Chapter

Reasons for Action and Defeasibility*

María Cristina Redondo

in The Logic of Legal Requirements

Published in print September 2012 | ISBN: 9780199661640
Published online January 2013 | e-ISBN: 9780191745461 | DOI: http://dx.doi.org/10.1093/acprof:oso/9780199661640.003.0019
Reasons for Action and Defeasibility*

More Like This

Show all results sharing this subject:

  • Jurisprudence and Philosophy of Law

GO

Show Summary Details

Preview

This chapter analyzes the question of whether reasons for action are, or can be considered, defeasible. It distinguishes between two different kinds of defeasibility — epistemic and ontological — and applies these two concepts to reasons for action. Based on a realist understanding, the idea of a defeasible reason is simply nonsense: for if reasons are facts in the realist sense they cannot be defeasible. A statement in which defeasibility is predicated of a reason would thus be a self-contradictory statement. This is why, according to such a view, sentences such as ‘φ is a prima facie (defeasible) reason for doing what has been φ-ed’ must necessarily be interpreted by alluding to an epistemic problem, if we want to avoid contradictions within a realistic stance. Following an alternative, ‘constructivist’ understanding, defeasibility may instead be regarded not only as a predicate of reasons, but also as an inescapable property of them, since the existence of a reason for a specific action depends on a set of human beliefs and attitudes: this in turn makes it possible to assert without contradiction that something is a reason and is defeasible in itself.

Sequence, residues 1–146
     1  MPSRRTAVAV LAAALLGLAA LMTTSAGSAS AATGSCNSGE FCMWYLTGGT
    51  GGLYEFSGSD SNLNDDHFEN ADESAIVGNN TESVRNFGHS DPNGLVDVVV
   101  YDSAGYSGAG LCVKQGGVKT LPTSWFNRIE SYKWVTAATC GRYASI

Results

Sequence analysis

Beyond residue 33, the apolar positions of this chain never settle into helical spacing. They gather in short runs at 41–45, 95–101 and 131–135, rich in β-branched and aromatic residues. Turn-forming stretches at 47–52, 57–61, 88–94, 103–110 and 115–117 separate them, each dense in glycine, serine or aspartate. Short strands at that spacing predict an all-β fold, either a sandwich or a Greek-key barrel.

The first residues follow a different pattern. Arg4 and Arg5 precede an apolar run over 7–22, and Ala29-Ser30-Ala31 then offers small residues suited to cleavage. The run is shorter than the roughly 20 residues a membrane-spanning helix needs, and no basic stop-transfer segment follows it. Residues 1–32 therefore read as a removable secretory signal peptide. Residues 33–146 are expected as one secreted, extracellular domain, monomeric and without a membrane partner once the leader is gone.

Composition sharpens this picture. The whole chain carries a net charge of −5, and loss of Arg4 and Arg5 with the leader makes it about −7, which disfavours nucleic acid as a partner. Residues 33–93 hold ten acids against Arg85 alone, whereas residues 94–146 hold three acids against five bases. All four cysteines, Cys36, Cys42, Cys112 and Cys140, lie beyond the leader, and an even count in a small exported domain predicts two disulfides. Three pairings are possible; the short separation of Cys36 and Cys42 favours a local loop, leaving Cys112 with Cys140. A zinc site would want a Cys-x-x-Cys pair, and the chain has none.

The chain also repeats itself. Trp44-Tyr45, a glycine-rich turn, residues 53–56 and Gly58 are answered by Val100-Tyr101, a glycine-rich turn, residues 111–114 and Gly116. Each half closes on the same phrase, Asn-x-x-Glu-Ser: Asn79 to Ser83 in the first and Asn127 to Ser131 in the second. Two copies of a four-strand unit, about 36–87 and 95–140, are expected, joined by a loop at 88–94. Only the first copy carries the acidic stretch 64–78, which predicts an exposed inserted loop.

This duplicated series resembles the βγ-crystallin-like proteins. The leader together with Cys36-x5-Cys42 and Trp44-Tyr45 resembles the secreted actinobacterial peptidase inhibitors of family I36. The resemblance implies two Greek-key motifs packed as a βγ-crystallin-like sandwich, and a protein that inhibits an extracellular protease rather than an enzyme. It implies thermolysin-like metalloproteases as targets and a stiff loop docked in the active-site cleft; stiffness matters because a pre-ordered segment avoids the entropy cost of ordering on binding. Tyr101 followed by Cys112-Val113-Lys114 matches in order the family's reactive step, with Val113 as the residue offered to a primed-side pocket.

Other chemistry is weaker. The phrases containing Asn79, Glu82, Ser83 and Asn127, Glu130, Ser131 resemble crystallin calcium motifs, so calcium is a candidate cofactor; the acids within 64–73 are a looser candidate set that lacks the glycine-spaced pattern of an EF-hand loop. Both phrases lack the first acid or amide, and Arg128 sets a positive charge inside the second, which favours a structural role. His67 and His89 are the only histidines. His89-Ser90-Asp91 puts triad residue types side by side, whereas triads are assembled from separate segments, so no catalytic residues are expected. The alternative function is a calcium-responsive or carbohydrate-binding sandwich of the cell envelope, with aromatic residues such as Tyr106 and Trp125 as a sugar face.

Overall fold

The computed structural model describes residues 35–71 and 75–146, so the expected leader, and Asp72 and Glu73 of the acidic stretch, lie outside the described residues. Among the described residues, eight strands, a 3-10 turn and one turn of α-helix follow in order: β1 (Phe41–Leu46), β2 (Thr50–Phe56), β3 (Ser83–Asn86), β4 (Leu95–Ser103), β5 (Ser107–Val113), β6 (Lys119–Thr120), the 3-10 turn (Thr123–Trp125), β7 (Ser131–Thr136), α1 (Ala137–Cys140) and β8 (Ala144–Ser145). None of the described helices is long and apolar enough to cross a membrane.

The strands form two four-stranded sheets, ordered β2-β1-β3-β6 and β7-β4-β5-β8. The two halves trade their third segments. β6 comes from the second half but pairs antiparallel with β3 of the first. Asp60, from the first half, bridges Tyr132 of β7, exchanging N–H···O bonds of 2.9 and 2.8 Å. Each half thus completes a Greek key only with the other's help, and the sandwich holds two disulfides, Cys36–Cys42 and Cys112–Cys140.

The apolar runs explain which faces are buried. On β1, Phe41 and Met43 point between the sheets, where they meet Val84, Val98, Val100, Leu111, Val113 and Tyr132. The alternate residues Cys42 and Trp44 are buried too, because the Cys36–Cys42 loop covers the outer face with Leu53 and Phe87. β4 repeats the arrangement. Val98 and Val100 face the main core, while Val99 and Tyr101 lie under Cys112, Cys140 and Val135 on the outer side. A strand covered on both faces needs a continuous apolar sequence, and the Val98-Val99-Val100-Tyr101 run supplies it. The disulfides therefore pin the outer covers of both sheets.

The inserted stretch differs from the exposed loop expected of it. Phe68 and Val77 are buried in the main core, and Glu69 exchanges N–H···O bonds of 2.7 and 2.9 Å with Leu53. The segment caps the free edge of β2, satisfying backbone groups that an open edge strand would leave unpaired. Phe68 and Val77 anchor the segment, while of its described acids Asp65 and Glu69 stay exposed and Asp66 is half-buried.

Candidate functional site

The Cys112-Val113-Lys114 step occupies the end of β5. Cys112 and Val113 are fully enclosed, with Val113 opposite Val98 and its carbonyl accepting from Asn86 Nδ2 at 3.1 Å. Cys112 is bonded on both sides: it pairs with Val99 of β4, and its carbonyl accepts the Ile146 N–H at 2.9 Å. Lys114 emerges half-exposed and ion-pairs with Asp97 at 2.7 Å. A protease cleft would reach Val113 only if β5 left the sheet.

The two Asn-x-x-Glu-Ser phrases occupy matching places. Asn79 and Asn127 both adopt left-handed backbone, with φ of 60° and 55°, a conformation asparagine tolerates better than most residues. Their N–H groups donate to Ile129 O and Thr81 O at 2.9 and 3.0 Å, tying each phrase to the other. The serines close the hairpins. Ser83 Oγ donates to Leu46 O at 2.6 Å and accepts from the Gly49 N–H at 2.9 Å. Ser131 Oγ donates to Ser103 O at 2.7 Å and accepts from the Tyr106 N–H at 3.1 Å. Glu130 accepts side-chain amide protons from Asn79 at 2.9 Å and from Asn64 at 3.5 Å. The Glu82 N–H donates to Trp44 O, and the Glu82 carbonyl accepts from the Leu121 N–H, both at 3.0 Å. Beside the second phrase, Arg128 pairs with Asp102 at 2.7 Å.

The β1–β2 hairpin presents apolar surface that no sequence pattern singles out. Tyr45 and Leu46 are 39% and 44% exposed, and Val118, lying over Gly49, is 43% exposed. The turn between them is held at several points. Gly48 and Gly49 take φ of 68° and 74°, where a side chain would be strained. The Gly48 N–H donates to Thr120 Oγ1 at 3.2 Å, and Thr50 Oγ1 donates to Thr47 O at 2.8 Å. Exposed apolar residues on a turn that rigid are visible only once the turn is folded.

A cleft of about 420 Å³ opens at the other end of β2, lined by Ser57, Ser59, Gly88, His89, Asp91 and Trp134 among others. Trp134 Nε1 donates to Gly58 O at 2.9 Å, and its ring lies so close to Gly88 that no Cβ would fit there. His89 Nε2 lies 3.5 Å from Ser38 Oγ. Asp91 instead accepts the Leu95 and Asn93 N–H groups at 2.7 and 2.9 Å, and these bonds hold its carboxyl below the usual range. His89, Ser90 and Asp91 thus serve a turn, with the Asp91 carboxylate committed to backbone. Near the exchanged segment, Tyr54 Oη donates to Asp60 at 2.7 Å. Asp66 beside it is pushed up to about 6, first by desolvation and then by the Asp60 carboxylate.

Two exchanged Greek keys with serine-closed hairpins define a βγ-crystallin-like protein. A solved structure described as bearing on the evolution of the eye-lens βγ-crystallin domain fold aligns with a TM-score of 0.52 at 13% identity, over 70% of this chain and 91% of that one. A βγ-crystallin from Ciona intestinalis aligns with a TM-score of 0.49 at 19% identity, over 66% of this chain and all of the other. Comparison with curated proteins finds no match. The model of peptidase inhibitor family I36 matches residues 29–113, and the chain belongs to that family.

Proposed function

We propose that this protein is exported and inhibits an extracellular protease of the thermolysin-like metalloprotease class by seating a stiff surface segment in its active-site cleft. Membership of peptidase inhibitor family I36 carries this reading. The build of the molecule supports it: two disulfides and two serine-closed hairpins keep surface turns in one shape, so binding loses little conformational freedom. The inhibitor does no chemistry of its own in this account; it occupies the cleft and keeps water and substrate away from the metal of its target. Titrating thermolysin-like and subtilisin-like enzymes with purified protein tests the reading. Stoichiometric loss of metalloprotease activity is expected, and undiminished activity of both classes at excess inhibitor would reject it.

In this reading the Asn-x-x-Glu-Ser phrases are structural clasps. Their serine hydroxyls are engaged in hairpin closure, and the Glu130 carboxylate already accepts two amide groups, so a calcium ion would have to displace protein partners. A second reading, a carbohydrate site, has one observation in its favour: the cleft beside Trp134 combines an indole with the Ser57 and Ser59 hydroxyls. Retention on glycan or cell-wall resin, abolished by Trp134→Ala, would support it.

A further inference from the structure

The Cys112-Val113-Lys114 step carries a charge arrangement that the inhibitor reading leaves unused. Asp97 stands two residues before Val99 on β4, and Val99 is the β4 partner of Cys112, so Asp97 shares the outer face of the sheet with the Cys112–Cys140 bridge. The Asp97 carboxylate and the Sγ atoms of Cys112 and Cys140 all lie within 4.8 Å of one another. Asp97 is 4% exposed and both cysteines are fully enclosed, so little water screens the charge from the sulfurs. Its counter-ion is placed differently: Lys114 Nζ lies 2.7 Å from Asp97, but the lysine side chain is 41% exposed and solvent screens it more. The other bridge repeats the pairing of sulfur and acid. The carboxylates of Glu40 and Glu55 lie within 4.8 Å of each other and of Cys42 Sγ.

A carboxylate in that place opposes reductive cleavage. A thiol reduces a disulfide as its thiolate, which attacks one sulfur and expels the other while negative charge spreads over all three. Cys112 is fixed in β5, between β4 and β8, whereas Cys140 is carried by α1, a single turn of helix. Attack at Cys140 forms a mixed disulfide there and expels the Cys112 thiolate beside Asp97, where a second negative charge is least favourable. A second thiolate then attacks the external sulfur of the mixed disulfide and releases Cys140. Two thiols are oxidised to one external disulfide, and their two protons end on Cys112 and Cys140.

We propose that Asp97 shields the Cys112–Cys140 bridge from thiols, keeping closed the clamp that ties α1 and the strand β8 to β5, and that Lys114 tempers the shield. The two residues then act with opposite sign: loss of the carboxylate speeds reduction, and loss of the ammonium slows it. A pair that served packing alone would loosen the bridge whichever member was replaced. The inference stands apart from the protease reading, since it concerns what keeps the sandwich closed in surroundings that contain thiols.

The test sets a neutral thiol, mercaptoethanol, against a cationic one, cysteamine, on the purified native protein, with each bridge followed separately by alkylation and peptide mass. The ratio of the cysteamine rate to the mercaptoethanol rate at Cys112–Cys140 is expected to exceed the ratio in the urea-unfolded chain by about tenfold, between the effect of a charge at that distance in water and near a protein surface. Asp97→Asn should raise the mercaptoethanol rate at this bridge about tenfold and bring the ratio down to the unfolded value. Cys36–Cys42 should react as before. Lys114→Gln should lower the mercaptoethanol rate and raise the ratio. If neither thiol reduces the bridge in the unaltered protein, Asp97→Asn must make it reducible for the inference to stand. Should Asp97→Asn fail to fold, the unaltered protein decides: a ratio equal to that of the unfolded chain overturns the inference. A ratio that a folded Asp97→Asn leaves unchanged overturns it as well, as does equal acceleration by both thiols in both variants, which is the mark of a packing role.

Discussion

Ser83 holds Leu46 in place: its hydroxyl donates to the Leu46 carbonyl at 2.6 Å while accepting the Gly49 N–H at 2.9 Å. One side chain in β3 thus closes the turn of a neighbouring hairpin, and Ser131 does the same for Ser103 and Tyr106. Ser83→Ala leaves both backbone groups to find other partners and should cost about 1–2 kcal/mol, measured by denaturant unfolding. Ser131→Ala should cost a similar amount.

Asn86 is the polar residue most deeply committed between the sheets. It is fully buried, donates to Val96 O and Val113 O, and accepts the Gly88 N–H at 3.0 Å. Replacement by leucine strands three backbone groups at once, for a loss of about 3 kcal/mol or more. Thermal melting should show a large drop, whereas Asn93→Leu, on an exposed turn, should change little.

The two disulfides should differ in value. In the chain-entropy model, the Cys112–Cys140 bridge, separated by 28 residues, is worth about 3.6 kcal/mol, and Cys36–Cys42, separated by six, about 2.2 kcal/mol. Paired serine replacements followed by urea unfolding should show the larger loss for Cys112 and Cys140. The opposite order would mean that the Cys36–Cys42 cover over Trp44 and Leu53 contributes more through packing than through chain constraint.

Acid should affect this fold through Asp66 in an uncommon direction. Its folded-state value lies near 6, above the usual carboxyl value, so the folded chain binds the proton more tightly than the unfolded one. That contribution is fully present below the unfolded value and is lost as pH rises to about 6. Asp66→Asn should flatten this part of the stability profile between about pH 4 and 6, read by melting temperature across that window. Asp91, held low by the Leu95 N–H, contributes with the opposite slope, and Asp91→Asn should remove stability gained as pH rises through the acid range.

Keywords: epistemic defeasibility; ontological defeasibility; reason; realist understanding

Chapter.  9408 words. 

Subjects: Jurisprudence and Philosophy of Law

Full text: subscription required

How to subscribe Recommend to my Librarian

Buy this work at Oxford University Press »

Users without a subscription are not able to see the full content. Please, subscribe or login to access all content.